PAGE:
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Seventy years of continuous encroachment substantially increases 'blue carbon' capacity as mangroves replace intertidal salt marshes

Kelleway, Jeffrey J., Saintilan, Neil, Macreadie, Peter I., Skilbeck, Charles G., Zawadzki, Atun and Ralph, Peter J. 2016, Seventy years of continuous encroachment substantially increases 'blue carbon' capacity as mangroves replace intertidal salt marshes, Global change biology, vol. 22, no. 3, pp. 1097-1109, doi: 10.1111/gcb.13158.

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Title Seventy years of continuous encroachment substantially increases 'blue carbon' capacity as mangroves replace intertidal salt marshes
Author(s) Kelleway, Jeffrey J.
Saintilan, Neil
Macreadie, Peter I.ORCID iD for Macreadie, Peter I. orcid.org/0000-0001-7362-0882
Skilbeck, Charles G.
Zawadzki, Atun
Ralph, Peter J.
Journal name Global change biology
Volume number 22
Issue number 3
Start page 1097
End page 1109
Total pages 13
Publisher Wiley
Place of publication London, Eng.
Publication date 2016-03
ISSN 1365-2486
1365-2486
Keyword(s) biomass
blue carbon
carbon sequestration
climate change
ecosystem services
mangrove
mangrove encroachment
salt marsh
saltmarsh
sea level rise
Summary Shifts in ecosystem structure have been observed over recent decades as woody plants encroach upon grasslands and wetlands globally. The migration of mangrove forests into salt marsh ecosystems is one such shift which could have important implications for global 'blue carbon' stocks. To date, attempts to quantify changes in ecosystem function are essentially constrained to climate-mediated pulses (30 years or less) of encroachment occurring at the thermal limits of mangroves. In this study, we track the continuous, lateral encroachment of mangroves into two south-eastern Australian salt marshes over a period of 70 years and quantify corresponding changes in biomass and belowground C stores. Substantial increases in biomass and belowground C stores have resulted as mangroves replaced salt marsh at both marine and estuarine sites. After 30 years, aboveground biomass was significantly higher than salt marsh, with biomass continuing to increase with mangrove age. Biomass increased at the mesohaline river site by 130 ± 18 Mg biomass km-2 yr-1 (mean ± SE), a 2.5 times higher rate than the marine embayment site (52 ± 10 Mg biomass km-2 yr-1), suggesting local constraints on biomass production. At both sites, and across all vegetation categories, belowground C considerably outweighed aboveground biomass stocks, with belowground C stocks increasing at up to 230 ± 62 Mg C km-2 yr-1 (± SE) as mangrove forests developed. Over the past 70 years, we estimate mangrove encroachment may have already enhanced intertidal biomass by up to 283 097 Mg and belowground C stocks by over 500 000 Mg in the state of New South Wales alone. Under changing climatic conditions and rising sea levels, global blue carbon storage may be enhanced as mangrove encroachment becomes more widespread, thereby countering global warming.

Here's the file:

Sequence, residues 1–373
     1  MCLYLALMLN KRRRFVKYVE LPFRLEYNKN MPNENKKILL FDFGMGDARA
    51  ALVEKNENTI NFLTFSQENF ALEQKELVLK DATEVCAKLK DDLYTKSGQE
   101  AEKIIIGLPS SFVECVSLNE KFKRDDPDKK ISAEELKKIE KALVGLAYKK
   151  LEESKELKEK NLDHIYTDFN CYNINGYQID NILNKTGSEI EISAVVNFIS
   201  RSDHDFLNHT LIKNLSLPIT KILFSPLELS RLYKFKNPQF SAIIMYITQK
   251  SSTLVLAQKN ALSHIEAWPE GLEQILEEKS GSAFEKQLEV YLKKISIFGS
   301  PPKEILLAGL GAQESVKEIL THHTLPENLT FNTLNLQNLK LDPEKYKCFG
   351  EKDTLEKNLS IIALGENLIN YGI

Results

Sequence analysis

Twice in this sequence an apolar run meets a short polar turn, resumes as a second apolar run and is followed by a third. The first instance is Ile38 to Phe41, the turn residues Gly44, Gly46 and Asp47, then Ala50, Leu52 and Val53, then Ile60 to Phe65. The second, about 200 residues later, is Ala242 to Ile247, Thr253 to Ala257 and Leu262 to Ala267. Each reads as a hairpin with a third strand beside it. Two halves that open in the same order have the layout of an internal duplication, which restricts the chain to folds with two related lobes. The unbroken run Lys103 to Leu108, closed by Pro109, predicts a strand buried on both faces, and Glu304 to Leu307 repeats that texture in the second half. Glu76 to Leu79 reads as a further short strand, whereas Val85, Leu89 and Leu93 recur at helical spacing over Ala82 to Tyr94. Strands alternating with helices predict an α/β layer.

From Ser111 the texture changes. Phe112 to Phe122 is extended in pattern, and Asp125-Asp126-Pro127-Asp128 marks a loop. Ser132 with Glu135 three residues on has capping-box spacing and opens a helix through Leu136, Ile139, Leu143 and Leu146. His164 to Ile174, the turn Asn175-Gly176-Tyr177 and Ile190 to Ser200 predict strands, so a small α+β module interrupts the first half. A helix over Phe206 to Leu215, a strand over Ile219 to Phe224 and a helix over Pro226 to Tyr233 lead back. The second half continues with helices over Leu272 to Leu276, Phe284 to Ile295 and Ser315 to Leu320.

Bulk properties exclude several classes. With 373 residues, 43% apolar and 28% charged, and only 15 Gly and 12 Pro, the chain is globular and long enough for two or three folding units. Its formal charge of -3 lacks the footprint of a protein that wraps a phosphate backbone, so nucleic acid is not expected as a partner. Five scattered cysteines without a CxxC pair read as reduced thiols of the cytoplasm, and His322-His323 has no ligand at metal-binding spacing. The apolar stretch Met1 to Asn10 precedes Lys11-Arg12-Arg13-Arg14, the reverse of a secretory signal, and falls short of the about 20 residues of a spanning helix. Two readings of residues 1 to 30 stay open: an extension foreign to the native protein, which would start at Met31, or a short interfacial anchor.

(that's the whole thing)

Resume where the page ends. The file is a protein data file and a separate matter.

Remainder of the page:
Language eng
DOI 10.1111/gcb.13158
Field of Research 060205 Marine and Estuarine Ecology (incl Marine Ichthyology)
06 Biological Sciences
05 Environmental Sciences
Socio Economic Objective 970106 Expanding Knowledge in the Biological Sciences
HERDC Research category C1 Refereed article in a scholarly journal
ERA Research output type C Journal article
Grant ID DE130101084
Copyright notice ©2016, Wiley
Persistent URL http://hdl.handle.net/10536/DRO/DU:30080774

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